California will lift its requirement that students and staff wear masks indoors at schools at 11:59 p.m. March 11, making face coverings “strongly recommended” but not mandated, Gov. Gavin Newsom announced Monday.
As of Tuesday, meanwhile, the state will also lift its requirement that unvaccinated people wear masks in most indoor settings, but masks will be “strongly recommended” for everyone indoors. Masks will also continue to be required for everyone at certain settings, including health-care facilities, transit centers, airports, aboard public transit, in correctional facilities and at homeless shelters and long-term care facilities.
“California continues to adjust our policies based on the latest data and science, applying what we’ve learned over the past two years to guide our response to the pandemic,” Newsom said in a statement. “Masks are an effective tool to minimize spread of the virus and future variants, especially when transmission rates are high. We cannot predict the future of the virus, but we are better prepared for it and will continue to take measures rooted in science to keep California moving forward.”
Under the timeline announced Monday, the state will no longer mandate indoor mask-wearing on school campuses beginning March 12. Individual school districts or counties, however, will have the option of maintaining local requirements if they deem them necessary. Los Angeles County — which has taken a conservative approach throughout the pandemic in easing public health rules — will align with the state and will also lift the school masking requirement as of March 12.
“School districts may require masking at schools and during school activities and are encouraged to consult with teachers, staff, parents and students as they consider the appropriate safety protections for their school community, recognizing that many individuals may want to continue additional protections,” according to a statement from the county Department of Public Health.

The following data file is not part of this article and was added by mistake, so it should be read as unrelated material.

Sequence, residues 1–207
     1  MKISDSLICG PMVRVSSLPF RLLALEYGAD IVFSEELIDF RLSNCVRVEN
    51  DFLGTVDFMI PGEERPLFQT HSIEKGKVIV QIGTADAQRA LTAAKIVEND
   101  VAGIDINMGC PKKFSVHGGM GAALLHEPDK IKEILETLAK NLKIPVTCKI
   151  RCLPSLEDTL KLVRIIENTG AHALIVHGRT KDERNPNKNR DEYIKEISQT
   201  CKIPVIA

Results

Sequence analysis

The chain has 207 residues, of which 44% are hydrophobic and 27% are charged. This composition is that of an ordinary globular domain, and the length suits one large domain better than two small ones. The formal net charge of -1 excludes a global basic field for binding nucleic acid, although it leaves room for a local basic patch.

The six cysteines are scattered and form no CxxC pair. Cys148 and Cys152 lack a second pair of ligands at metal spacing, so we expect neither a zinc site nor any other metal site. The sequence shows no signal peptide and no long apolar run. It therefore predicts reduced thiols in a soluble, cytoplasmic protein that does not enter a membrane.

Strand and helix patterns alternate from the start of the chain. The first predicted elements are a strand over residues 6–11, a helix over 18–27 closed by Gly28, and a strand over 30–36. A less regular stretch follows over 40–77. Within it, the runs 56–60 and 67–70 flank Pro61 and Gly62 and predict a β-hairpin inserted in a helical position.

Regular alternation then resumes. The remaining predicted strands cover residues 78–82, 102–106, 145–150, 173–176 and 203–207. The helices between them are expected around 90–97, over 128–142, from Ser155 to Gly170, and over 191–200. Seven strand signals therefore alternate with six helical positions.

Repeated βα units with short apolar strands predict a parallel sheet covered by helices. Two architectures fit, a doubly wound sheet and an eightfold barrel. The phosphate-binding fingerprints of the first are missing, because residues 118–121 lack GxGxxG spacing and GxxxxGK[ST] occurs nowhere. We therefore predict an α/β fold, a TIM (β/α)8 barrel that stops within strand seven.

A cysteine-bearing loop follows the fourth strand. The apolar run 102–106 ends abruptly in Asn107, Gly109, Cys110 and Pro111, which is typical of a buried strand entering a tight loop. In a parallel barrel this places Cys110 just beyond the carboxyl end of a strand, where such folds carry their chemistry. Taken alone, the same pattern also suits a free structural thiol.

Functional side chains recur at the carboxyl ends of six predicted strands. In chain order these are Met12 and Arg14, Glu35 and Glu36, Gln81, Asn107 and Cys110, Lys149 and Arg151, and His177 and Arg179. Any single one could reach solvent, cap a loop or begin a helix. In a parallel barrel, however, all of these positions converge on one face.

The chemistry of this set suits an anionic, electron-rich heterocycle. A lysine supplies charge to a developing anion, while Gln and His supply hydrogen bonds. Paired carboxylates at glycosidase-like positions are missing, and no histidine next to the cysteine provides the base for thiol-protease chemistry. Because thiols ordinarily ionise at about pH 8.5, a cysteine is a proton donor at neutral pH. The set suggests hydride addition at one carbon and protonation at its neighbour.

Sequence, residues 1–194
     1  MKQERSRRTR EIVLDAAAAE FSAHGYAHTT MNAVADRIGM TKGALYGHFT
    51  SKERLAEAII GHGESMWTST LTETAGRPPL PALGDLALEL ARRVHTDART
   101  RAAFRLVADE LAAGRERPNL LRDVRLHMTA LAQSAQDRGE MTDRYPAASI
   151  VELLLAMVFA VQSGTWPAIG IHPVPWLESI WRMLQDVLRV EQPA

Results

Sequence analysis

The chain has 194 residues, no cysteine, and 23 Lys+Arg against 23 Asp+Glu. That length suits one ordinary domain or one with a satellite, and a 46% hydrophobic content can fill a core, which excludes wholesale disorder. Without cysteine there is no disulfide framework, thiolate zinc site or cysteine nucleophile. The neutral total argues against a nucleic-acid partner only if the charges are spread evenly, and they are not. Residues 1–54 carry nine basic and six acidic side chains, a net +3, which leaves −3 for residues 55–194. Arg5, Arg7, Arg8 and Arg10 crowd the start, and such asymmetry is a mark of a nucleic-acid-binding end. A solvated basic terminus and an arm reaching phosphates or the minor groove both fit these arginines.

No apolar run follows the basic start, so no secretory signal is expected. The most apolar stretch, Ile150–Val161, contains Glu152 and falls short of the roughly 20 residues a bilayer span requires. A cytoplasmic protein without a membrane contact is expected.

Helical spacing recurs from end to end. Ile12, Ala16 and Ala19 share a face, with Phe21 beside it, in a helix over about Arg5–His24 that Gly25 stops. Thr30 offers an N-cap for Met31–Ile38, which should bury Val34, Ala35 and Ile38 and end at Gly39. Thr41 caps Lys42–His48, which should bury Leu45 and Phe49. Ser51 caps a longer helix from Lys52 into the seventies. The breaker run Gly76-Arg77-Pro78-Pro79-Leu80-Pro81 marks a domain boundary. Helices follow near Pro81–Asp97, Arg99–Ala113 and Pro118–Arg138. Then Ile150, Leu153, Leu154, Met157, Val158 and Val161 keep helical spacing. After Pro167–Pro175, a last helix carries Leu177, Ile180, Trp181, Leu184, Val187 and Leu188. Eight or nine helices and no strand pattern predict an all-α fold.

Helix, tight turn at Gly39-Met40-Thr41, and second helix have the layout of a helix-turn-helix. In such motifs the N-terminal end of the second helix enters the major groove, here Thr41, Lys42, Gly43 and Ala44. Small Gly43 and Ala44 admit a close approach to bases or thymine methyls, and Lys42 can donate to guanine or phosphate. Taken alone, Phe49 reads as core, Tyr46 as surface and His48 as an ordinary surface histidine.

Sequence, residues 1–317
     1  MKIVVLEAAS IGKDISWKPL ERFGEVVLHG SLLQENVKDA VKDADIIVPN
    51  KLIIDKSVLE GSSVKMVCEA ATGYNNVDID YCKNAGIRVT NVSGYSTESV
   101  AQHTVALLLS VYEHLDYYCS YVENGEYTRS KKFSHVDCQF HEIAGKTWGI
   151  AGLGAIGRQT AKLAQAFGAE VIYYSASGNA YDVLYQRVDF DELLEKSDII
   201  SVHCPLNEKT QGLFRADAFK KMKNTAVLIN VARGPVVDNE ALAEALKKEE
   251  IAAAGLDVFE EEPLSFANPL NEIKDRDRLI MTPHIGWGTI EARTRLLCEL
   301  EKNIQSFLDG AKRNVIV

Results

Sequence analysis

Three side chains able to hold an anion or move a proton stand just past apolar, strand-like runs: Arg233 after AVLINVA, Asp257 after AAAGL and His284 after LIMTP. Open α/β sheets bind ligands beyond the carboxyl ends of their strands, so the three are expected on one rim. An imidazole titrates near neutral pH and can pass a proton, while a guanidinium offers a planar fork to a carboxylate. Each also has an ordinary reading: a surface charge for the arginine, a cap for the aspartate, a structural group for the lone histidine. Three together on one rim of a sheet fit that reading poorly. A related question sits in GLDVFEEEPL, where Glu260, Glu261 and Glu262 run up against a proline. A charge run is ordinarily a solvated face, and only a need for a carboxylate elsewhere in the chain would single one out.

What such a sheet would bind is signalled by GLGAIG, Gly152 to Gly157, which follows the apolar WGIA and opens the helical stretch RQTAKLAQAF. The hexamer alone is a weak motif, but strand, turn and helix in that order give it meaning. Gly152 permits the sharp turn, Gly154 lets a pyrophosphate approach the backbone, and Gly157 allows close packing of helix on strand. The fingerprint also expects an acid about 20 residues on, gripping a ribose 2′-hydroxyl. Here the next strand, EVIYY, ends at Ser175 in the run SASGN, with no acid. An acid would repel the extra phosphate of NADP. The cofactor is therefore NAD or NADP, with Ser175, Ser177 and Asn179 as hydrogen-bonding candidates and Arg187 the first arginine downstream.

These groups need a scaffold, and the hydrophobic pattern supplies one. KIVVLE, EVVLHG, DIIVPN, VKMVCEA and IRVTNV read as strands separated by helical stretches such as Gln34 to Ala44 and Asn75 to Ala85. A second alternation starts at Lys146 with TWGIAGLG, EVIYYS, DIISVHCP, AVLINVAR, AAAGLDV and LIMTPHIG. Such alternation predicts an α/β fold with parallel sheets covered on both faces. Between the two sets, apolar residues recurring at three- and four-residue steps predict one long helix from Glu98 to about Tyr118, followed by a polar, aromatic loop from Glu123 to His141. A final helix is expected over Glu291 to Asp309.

The county has already lifted its outdoor mask-wearing rule at schools and child-care centers.
The governors of Oregon and Washington joined Newsom in Monday’s announcement, with those states also announcing a lifting of indoor mask requirements as of 11:59 p.m. March 11 — effectively ending the face-covering rules for the entire West Coast.
The announcement comes following Friday’s change in guidance by the U.S. Centers for Disease Control and Prevention, which adopted new standards that rely largely on COVID hospital numbers to govern whether masks should be worn. Those new standards — while resulted in mask recommendations being lifted for much of the country, still classified Los Angeles County as having “high” virus activity and urged that people continue to wear masks.
Despite California’s lifting of indoor mask-wearing requirements, Los Angeles County continues to require face coverings in most indoor settings. However, the county is allowing vaccinated people to remove their masks in indoor locations where all patrons are checked for either a COVID vaccination or a recent negative test.
According to the county Department of Public Health, the agency “will review any additional state guidance changes and provide an update on additional modifications to LA County safety measures during (Tuesday’s) Board of Supervisors meeting.”
There has been a growing push by two county supervisors for an end to the county’s mask-wearing mandate. Supervisors Kathryn Barger and Janice Hahn have both said the county should align fully with the state to avoid confusion and frustration among residents.
Barger on Monday hailed the state’s announcement easing masking rules, and again called for an end to the requirement.
“During tomorrow’s (Tuesday’s) L.A. County Board of Supervisors meeting, our county’s public health director has committed to articulating a plan for how L.A. County will adjust its masking mandates and restrictions,” Barger said in a statement. “I look forward to that discussion and will continue to call for clarity and consistency with state and federal guidelines.
“It’s clear to me that, as the Omicron surge continues to decrease in L.A. County, we need to implement flexible COVID-19 infection control policies and move away from rigid approaches. The time for compulsory masking mandates has come to an end.”